A Senate Finance Committee hearing on Thursday took China to task for just about everything under the sun – from its ability to avoid anti-dumping charges to how it benefits from developing market status at the World Trade Organization. Everyone —right, left and even one witness from K Street — agreed that the U.S. had to move fast on countering China. Other than the pleasant surprise of watching people from mega law firm Akin Gump side with China hawks in the Senate like Committee Chairman Ron Wyden, another surprise was hearing Senators and witnesses say that big American corporations are not helping on the China front.
“Companies are willing to sacrifice their values to get access to China’s market, helping with censorship, surveillance and social control,” said Sen. Mark Warner (D-VA). He recalled a time when he spoke with Google after it was discovered that they were either helping or planning on helping China’s government build a surveillance search engine. “U.S. companies are willing to help the goals of the CCP,” he said, raising the question as to how to hold U.S. companies “accountable to the values they espouse here while they quietly work to advance the goals of the CCP” in China.
Earlier this week, Apple CEO Tim Cook, Tesla CEO Elon Musk, Blackstone Group Inc’s Stephen Schwarzman and Bridgewater Associates’ Ray Dalio listened in as Xi Jinping spoke at the Boao Forum about diversity and inclusion, and ending the new Cold War in a veiled swipe against Washington’s China policies.
Sen. James Lankford (R-OK) said there are “serious issues” for any company doing business in China. “You need to be clear-eyed about having a communist government as your partner.” Lankford acknowledged that there is a strong financial motivation for being there: a billion people to sell to.
They’re selling, but they are under constant pressure by Beijing to share its worldview, some witnesses said.
Aynne Kokas, Associate Professor of Media Studies and Senior Faculty Fellow at Miller Center for Public Affairs at the University of Virginia in Charlottesville spoke about the pressure from mainland Chinese social media campaigns against companies like apparel retailer H&M for banning the use of cotton from Xinjiang, home to the Uyghur Muslim minorities. Businesses are bending over backward to please China, or risk losing that market. “Hollywood studios are censoring, presumably to keep access to China,” Kokas said.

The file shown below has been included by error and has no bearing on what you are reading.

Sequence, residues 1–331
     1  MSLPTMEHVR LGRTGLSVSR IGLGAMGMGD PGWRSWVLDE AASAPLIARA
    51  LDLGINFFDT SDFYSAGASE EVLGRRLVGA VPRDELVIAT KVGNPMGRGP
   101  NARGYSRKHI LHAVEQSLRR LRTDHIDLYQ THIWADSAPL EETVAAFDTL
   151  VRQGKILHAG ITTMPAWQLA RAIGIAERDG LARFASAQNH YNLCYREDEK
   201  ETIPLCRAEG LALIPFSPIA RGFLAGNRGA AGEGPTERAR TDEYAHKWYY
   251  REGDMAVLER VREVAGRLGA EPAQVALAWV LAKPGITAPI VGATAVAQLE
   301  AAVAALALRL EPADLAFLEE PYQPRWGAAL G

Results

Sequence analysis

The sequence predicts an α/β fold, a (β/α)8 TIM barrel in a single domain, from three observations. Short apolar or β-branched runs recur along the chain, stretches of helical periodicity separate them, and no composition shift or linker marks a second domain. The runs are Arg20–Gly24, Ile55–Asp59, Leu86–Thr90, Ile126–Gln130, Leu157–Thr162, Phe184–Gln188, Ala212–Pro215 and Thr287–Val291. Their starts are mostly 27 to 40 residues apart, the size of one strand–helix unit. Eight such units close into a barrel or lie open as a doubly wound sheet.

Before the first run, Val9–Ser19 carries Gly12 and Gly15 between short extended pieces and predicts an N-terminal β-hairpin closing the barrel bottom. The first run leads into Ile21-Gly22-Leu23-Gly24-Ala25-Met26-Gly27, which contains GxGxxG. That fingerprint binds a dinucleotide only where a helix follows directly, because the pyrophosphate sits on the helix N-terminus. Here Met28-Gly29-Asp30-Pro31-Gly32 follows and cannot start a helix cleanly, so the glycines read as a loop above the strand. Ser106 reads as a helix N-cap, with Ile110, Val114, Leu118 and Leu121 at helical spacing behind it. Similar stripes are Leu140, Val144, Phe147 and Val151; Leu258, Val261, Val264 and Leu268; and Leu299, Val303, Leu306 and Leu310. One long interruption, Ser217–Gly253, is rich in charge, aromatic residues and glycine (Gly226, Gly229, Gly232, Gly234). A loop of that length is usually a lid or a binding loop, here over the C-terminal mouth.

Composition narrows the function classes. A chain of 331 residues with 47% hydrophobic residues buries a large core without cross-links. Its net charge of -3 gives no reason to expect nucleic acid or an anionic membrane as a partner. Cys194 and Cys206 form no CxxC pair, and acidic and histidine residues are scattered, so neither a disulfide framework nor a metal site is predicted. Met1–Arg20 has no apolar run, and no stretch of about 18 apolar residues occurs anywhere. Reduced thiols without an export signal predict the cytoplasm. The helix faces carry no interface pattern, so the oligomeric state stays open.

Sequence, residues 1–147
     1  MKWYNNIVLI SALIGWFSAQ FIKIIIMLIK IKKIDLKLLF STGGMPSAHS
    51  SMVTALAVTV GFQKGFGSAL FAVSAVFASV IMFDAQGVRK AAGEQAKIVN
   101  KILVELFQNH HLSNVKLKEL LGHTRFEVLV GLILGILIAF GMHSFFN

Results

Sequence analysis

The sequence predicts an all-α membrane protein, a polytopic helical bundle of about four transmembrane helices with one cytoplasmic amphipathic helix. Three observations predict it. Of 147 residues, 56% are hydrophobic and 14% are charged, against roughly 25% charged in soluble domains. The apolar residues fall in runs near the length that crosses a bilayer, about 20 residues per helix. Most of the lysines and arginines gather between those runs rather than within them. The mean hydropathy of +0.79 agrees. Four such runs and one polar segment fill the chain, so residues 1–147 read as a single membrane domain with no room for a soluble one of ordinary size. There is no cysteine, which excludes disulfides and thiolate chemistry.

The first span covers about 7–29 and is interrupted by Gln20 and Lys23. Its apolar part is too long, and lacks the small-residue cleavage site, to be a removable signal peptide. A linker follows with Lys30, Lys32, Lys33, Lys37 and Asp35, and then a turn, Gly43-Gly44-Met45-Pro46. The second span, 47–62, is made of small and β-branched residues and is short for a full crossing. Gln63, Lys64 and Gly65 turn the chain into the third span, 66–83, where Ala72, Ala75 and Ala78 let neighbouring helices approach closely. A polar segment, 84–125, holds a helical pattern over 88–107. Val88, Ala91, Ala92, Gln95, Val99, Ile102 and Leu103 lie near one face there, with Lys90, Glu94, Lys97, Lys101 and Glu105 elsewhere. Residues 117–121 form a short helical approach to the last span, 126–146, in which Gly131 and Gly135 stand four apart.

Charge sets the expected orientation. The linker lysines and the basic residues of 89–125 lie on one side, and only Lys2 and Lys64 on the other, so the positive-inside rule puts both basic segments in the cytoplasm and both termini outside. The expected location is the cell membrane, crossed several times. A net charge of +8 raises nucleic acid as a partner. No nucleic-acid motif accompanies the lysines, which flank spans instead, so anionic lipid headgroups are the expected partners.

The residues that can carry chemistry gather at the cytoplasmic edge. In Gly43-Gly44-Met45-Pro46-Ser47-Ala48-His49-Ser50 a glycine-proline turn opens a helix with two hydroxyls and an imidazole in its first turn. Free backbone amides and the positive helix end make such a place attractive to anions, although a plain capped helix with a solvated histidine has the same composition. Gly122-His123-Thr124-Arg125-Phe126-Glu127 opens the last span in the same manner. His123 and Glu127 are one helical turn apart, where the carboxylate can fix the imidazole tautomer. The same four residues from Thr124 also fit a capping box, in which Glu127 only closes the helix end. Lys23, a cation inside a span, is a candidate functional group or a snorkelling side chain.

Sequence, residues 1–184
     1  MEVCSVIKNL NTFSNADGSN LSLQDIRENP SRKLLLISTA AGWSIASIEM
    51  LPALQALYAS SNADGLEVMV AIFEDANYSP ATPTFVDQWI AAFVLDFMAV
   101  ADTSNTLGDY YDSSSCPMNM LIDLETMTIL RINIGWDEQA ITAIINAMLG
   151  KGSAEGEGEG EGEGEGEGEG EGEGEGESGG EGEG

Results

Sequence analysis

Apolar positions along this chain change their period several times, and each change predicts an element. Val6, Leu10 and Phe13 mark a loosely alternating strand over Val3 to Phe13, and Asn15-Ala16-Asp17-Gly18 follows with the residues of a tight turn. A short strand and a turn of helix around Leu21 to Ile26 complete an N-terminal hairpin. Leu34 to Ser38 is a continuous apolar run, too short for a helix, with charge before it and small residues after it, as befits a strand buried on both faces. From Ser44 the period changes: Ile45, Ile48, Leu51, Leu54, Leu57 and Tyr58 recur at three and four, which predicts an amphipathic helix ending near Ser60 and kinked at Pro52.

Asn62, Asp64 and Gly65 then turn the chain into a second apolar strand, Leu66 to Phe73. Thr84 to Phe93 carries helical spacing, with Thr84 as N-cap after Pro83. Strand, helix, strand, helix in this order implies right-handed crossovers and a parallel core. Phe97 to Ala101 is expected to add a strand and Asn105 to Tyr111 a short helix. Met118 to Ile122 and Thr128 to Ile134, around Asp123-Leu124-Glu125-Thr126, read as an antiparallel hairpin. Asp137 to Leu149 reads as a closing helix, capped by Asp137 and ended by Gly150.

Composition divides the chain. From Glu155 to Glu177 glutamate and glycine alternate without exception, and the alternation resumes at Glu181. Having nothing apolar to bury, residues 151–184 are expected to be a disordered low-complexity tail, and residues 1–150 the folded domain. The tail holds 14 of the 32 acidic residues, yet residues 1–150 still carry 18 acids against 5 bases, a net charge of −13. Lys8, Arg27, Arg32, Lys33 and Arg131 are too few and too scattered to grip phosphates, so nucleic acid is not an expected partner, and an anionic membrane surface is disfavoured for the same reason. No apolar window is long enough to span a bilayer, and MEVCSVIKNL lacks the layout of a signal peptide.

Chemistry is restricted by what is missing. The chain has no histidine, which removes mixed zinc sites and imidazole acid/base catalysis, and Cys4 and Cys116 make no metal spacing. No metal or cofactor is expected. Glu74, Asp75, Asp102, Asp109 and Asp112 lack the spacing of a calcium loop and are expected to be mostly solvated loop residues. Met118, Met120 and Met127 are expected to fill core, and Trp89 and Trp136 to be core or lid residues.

At the end of 2020, U.S. multinational corporations like Apple were sitting on more than $5 trillion in liquid assets. We need to make it profitable for those companies to invest that capital here, either in revamping and building new supply chains, or in research and development and not in share buybacks.
Still, in regard to the question of ‘what can be done’ to turn American corporations off to China, no one had a clear-cut answer. Kokas mentioned creating a comprehensive data privacy network so China companies could not export data collected here from TikTok users, for example, back to China for facial recognition AI R&D. She said that was important because many U.S. companies have a partnership with China tech firms and “you have no idea how they are sharing that data with their Chinese partners.”
Working with allies, a favorite tack of the Biden administration, along with tariffs were also top of mind during Thursday’s hearing.
On the allies front, Michael R. Wessel, Commissioner of the U.S.-China Economic and Security Review Commission, and Clete R. Willems, a Partner at Akin Gump Straus Hauer & Feld agreed that Washington should not be waiting around for Japan and Europe to see eye-to-eye with them on the China threat.
“We cannot wait for our allies to fully see the impact of China’s policies,” Wessel said. He suspects that massive overcapacity in China will continue. The “huge subsidies and predatory practices will support their efforts. The CCP is looking to domesticate their technology and is spending more than we do on R&D,” he said, adding that American investors are investing in those new technology companies, including some that are on the entity list. “That has to stop. The U.S. has to stand up for our interests and not wait for allies,” he said.